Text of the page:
VOX ATL: What is your advice to students looking to make change in our school district, with things like book bans, disability funding, or other issues? What avenues do you advise those students take, and how do you suggest they push for the change in an effective way?

Judge: Currently, I see students doing everything correct. It’s just unfortunate that they don’t have board members that are taking their feelings and their work into consideration in their policies. Speaking at board meetings, writing Op-Eds, holding press conferences, hosting listening sessions—those are all ways that students can be heard. With the primary in May, I’d recommend students engage with the school board members that are running and if the students aren’t of voting age, talk to their friends who are a voting age. But what I can promise is that I’m committed to listening to student concerns. As far as the removal of books in school, I want a transparent process. We have a process in place, and I would like to follow it—have parents able to challenge a book, but also the opportunity to appeal such challenges.

VOX ATL: And if you were to win your post, what is the one thing that you would look to change first as a member of the board?

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Judge: Financial transparency. I got involved early on with a grassroots organization called Watching the Funds Cobb where we look at how the board is spending taxpayer dollars. When it comes to meeting student needs, when it comes to literacy, when it comes to safety, all the big things in my platform, it comes down to the dollar amount. Where is the money coming from? And a lot of parents, students, and staff members don’t know where this money is coming from. I think transparency of where our money’s coming and going, from where our tax dollars are going to where our SPLOST dollars are going, I think it’s really important for the community. It’s necessary to break it down in a way that people can understand in order to build trust.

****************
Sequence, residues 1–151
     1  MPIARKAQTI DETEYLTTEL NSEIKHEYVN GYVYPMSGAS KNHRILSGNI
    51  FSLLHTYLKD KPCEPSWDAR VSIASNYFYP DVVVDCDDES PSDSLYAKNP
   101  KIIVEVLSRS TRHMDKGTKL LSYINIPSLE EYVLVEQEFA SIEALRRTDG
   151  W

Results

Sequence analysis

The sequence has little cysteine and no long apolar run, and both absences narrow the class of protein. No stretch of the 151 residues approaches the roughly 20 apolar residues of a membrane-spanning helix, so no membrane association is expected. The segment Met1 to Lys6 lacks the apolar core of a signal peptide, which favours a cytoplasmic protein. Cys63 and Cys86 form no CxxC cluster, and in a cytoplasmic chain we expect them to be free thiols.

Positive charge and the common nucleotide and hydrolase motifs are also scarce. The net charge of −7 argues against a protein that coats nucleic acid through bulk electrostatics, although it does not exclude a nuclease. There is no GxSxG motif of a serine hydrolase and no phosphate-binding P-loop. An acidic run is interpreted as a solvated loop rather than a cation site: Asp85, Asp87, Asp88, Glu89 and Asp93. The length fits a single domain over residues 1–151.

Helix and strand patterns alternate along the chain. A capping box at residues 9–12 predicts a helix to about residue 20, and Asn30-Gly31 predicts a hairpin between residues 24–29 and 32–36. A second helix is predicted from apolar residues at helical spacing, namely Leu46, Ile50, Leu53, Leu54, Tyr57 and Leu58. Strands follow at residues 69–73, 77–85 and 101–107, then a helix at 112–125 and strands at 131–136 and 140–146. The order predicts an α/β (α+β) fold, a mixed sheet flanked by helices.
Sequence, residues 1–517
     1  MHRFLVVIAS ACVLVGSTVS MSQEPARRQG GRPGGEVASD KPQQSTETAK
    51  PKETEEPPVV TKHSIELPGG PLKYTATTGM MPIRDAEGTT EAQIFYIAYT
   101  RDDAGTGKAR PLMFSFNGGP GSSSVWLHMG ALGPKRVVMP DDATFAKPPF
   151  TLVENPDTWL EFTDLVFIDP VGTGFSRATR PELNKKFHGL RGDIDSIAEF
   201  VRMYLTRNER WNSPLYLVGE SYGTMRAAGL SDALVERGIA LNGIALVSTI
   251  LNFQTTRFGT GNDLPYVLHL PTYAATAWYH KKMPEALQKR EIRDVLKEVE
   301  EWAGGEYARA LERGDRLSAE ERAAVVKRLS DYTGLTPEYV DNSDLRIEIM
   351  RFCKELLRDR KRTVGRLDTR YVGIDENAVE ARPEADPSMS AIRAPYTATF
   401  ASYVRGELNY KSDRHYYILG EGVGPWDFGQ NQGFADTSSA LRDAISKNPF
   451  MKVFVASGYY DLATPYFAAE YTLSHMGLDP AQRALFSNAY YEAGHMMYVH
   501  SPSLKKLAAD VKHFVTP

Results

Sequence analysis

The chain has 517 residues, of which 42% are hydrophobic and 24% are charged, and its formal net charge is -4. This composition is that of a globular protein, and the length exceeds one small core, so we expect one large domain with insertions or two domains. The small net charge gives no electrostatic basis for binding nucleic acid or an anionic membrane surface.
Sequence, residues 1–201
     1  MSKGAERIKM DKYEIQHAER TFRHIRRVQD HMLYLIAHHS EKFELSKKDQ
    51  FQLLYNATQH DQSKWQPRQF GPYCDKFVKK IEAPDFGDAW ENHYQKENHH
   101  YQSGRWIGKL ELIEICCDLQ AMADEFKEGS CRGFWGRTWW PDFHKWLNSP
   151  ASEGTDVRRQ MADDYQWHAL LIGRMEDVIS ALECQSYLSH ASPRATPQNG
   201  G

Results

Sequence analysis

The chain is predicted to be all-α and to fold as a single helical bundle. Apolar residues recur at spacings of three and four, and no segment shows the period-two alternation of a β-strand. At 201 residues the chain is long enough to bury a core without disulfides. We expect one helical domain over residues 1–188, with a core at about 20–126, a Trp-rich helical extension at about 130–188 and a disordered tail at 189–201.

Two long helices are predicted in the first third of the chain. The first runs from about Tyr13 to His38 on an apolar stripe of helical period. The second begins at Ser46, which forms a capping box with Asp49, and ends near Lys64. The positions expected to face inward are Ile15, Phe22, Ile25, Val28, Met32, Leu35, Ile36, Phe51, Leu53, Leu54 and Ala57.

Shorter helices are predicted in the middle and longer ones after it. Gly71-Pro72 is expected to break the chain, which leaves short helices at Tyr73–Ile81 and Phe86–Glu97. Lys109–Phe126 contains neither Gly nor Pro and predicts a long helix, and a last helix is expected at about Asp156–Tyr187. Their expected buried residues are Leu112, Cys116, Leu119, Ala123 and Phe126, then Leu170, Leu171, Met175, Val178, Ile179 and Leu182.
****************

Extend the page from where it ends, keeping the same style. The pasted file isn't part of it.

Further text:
VOX ATL: Any final notes on your candidacy?

Judge: My big three. First, financial transparency. Then, the literacy of our students. We are hearing from the state that literacy is a big issue. Here in the Post 5 community, East Cobb, our PTAs and our foundations did a lot to supplement those trainings for our teachers. And then the safety of our students. For me, safety looks like a lot of things. I have been a member of Moms Demand Action, so I talk about gun violence prevention. Training our families about how to secure firearms in their house is important, especially because we live in the South. People own firearms. I myself own a firearm. So by securing those firearms around students, making sure you’re getting the mental health and emotional help that students need, is necessary. 

I care about the students. I have two myself, an elementary school student and a middle school student. I care about the parents because I’m a parent myself. I know how difficult it is to juggle all the things work life, and schooling for your kids. I care about our staff and our teachers, making sure that they have all the things that they need without being attacked by outside forces. And I care about our community. Public schools really go into the betterment of the community as a whole.